After intro to Theory of Magic let's think about Invocation of Magic and human-to-magic interfaces next. In particular let's focus on ways spells can be triggered by mages in videogames.
All videos in this post were made in-game by me, and they are all under 1 minute so don't be afraid to watch them.
In a vast majority of video games featuring magic, spells are cast by pressing a button - be it mouse button, keyboard button or controller button.
Many different systems for acquisition, creation, modification, and combination of spells have been implemented over the years but these are separate from the casting itself. During gameplay, spells are usually selected by pressing corresponding combination of buttons.
MOBA/RTS games brought us the innovation of fast cast/smart cast when a spell is selected by pressing a button down and cast by releasing the very same button. Targeting indicator can be shown while the button is held down allowing the player to aim after selecting spell and reducing effective amount of key presses by 50 % - very nice! Modern spellcasting is indeed very fast when you wire your brain to correct buttons.
Magicka spells are invoked in real time by selecting up to 5 elements and triggering a cast type (self, forward, around, weapon). Depending on selected elements and cast type, different spells can be invoked. All element combinations result in a spell and some specific sequences result in premade spells (Magickas).
This introduces new options/features to the game such as:
- complex/longer spells require more time and mental effort to cast - a price much more personal to the player than abstract mana points/cooldown number
- ability to experiment and create new spells during battle - knowledge and understanding of magic system are rewarded with real power in-game
- ability to cast random/unexpected spells by mistake
- endless ways to kill yourself by accident
Magicka features one of the best dynamic magic systems so far and I fully recommend studying it, especially with friends. However, it's still button based. Is there no other way?
One-of-a-kind god simulator Black & White (B&W) from ancient year 2001 is the first game where I encountered gesture recognition. It allowed players to invoke miracles using gesture drawing with a simple one gesture per miracle mapping:
In other words players draw gestures on-screen using mouse in real time to be recognized (or not) by the game and cast associated miracles. Technically buttons are still involved to start and end drawing but it's the trajectory of the mouse that selects particular miracle.
In the following year 2002, our world was blessed with Arx Fatalis the RPG featuring the most original and interesting magic system I ever witnessed. As a testimony to its greatness, the community created a cross-platform open source port Arx Libertatis which still works on modern systems so people can play it even after two decades.
Like B&W, Arx uses gesture recognition system to cast spells but on top of that each spell is composed of multiple runes in specific sequence. There is a predefined set of spells invoked by drawing corresponding runes in correct order:
Each rune has few things associated with it:
- name: Yok
- meaning: fire
Knowing rune shapes is neccessary for casting spells and knowing rune meanings helps with remembering correct rune sequences for individual spells. We'll look at meaning and magic languages in future post, for now let's focus on the drawing as a means of input.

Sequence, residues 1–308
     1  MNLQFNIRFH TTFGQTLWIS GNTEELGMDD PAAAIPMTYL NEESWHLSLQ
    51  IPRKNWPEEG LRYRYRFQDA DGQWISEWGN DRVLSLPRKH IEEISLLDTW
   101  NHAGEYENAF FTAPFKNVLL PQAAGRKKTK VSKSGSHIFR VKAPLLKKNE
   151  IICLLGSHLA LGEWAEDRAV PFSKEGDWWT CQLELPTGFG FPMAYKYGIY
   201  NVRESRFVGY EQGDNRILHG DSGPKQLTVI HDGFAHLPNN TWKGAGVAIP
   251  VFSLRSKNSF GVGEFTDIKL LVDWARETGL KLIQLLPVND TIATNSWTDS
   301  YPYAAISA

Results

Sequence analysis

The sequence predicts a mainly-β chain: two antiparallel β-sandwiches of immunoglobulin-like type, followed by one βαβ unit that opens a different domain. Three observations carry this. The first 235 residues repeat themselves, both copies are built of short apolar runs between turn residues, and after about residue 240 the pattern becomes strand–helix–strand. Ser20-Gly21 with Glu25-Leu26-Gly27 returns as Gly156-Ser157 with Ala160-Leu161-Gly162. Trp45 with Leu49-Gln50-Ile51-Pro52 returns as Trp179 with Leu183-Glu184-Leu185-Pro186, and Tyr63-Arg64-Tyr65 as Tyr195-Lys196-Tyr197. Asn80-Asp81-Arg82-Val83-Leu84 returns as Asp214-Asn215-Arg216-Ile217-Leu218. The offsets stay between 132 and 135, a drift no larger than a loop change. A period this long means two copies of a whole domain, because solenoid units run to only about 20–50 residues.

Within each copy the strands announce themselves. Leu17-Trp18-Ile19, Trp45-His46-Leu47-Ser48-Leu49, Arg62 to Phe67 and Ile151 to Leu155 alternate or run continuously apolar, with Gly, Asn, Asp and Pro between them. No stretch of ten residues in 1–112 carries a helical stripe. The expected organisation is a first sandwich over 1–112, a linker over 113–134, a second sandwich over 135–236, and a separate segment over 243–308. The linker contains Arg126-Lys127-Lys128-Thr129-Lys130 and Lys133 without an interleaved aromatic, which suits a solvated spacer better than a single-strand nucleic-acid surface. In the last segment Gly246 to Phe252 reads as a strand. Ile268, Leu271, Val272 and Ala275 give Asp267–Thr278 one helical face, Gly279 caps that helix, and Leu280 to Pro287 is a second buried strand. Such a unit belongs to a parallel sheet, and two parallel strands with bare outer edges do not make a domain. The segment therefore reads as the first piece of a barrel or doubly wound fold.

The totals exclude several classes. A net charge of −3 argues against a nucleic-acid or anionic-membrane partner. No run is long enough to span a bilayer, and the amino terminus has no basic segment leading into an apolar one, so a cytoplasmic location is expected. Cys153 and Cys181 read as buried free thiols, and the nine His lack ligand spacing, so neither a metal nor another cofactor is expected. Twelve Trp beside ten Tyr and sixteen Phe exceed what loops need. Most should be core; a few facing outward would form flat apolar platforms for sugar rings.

Words of Power Invocation
In Words of Power I'm implementing state-of-the-art magic invocation system based on symbol drawing not unlike Arx Fatalis but with some notable differences/improvements to address limitations and frustrations of existing systems.
Words of Power currently use a generic probabilty-based model (GMM) to recoginze drawn symbols with additional machine learning tools under consideration. By design, the model doesn't care about sequence or speed of drawing, it's only the resulting symbol shape that matters unlike Arx/B&W with gesture-based approach. I believe my symbol-based approach should lead to a more comfortable experience closer to real world handwriting/drawing including more individuality as opposed to enforcing a specific way and speed of drawing. Furthermore, I allow symbols to be composed of multiple curves which permits representation of a wider range of symbols.
I need to finish in-game symbol and alphabet editor before spending time on presentation but let me at least tease you with current version of TexnoMagic Invoker prototype which is in charge of recording and rendering user drawings:
I fully intend to include tools I use to draw symbols in-game and empower players to create and share entire magic alphabets of their own, be it existing favorites or entirely new creations. This makes the development much more demanding but why settle with a single hardcoded alphabet when you can have as many as someone is willing to create and share through steam workshop and other means?
Aside from being a game, Words of Power will also serve as a creative tool providing more demanding magic users with means to create functional magic alphabets by drawing individual symbols and training models to recognize them. Creating new symbols, words, alphabets, and languages is fun and Words of Power will allow a lot of that with an added bonus of shedding some light on the magic of symbol recognition/machine learning for those who care.
I hope the next log is going to be about groundbreaking progress on the symbol editor, see you next time!
Next log: #3: Lessons from Prototype MK1